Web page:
NEW YORK – Even though public hearings on the impeachment of U.S. President Donald Trump have just begun, the subject has already become encrusted with legends and myths on all sides. In a polarized country, each side has its own talking points — and isn’t paying enough attention to the other side to know when those points are based on errors. So far, three stand out.
Take White House acting chief of staff Mick Mulvaney’s famous remark that Trump’s critics should “get over it.” This was widely taken to be a brazen statement that it was fine for Trump to use foreign policy to seek to harm his political opponents. But that’s not what Mulvaney was saying. Nor was CNN accurate in reporting, “Mulvaney confirmed the existence of a quid pro quo and offered this retort: ‘Get over it.'”
Mulvaney’s press conference was on Oct. 17. He mentioned news accounts about the previous day’s testimony from a former State Department adviser, Michael McKinley. Those reports said that McKinley had quit because he was, as the Associated Press put it, “disturbed by the politicization of foreign policy.”
If you check out the transcript, you can see that Mulvaney was saying that of course politics affects foreign policy. He mentions McKinley and says: “Get over it. There’s going to be political influence on foreign policy.” Practically in the next breath, he says, “foreign policy is going to change from the Obama administration to the Trump administration.” He then faults some career government employees for seeking to prevent this.
At least one reporter understood this context, because the next question for Mulvaney drew a distinction: Political influence over foreign policy is one thing, the reporter said, but is it OK for the president to try to pressure a foreign government to investigate former Vice President Joe Biden?
Mulvaney then stoutly denied that Trump did any such thing, maintaining that the administration’s holding aid to Ukraine “had absolutely nothing to do with Biden.”
Like a lot of what Mulvaney said at that press conference, that statement is dubious. But he didn’t admit to using foreign policy for partisan ends and then tell people to get over it.
Trump supporters have myths of their own. One is the claim that in September, Rep. Adam Schiff, the California Democrat who heads the House Intelligence Committee, tried to pass off a phony version of what the president told Ukrainian President Volodomyr Zelenskiy in their July 25 phone call as the actual words of the conversation.
Trump accused Schiff of fraud and mused about charging him with treason: “He was supposedly reading the exact transcribed version of the call, but he completely changed the words to make it sound horrible.”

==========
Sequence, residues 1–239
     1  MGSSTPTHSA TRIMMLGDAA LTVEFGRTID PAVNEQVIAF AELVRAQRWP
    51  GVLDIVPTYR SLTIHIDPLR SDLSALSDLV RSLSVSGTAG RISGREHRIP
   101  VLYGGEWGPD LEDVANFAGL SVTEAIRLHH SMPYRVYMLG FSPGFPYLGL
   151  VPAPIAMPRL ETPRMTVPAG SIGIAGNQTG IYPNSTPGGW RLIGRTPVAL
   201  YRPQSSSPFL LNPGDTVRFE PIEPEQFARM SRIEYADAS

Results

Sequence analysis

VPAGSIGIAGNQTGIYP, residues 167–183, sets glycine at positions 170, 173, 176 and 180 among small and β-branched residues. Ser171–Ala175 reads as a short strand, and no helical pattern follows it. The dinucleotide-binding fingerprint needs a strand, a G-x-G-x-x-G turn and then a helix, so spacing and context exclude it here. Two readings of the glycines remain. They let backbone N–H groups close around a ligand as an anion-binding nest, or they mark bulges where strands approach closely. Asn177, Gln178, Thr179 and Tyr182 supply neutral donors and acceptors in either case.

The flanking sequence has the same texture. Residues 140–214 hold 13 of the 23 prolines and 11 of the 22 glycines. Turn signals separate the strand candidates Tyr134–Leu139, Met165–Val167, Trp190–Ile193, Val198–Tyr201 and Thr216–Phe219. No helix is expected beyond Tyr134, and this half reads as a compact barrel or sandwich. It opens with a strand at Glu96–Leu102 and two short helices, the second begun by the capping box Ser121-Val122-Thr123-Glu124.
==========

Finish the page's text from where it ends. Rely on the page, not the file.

House Republicans tried to censure Schiff for it, and other Trump supporters keep claiming that Schiff lied.
What Schiff actually did was provide a paraphrase of Trump’s remarks, and he was completely open about it. He described how Zelenskiy opened the call and then said, “Shorn of its rambling character and in not so many words, this is the essence of what the president communicates.” Then he gave his version of the gist of Trump’s comments.
After finishing, he says, “This is in sum and character what the president was trying to communicate with the president of Ukraine.” Anyone who listened to that and thought Schiff was directly quoting Trump should quit trying to follow the impeachment debate.
Republicans have gotten agitated over another distorted comment recently. They say that Mark Zaid, the lawyer for the Ukraine “whistleblower,” called for a “coup” against Trump soon after he took office.
The background to this was a tweet of Zaid’s in January 2017, reacting to Trump’s dismissal of the acting attorney general, Sally Yates. Although Zaid has muddied the waters in trying to defend himself, he appears to have been saying that it was Trump who was starting to perpetrate a coup.
It was a dumb tweet: Trump was well within his rights to fire Yates, who had refused to defend his travel ban. But it doesn’t support the Republican case that Ukrainegate is an undemocratic plot by Trump’s enemies.
All of these mangled and misunderstood remarks are, in a sense, peripheral to the main debate. Whether Trump should be removed from office shouldn’t turn on a three-year-old tweet from one government employee’s lawyer. Each of these exaggerated stories is, however, helping to create an atmosphere in the minds of fans and foes of the president.
Each side can not only interpret events in keeping with its favored narrative — Trump’s corruption or deep-state plotting —but also tell itself that the other side secretly knows it’s wrong.
People who are following the impeachment hearings and trying to make up their minds should read and listen to both sides, carefully. It’s not just that each side is trying to spin the facts. It’s that each side is spinning itself.
Ramesh Ponnuru is a Bloomberg Opinion columnist. He is a senior editor at National Review, visiting fellow at the American Enterprise Institute and contributor to CBS News.
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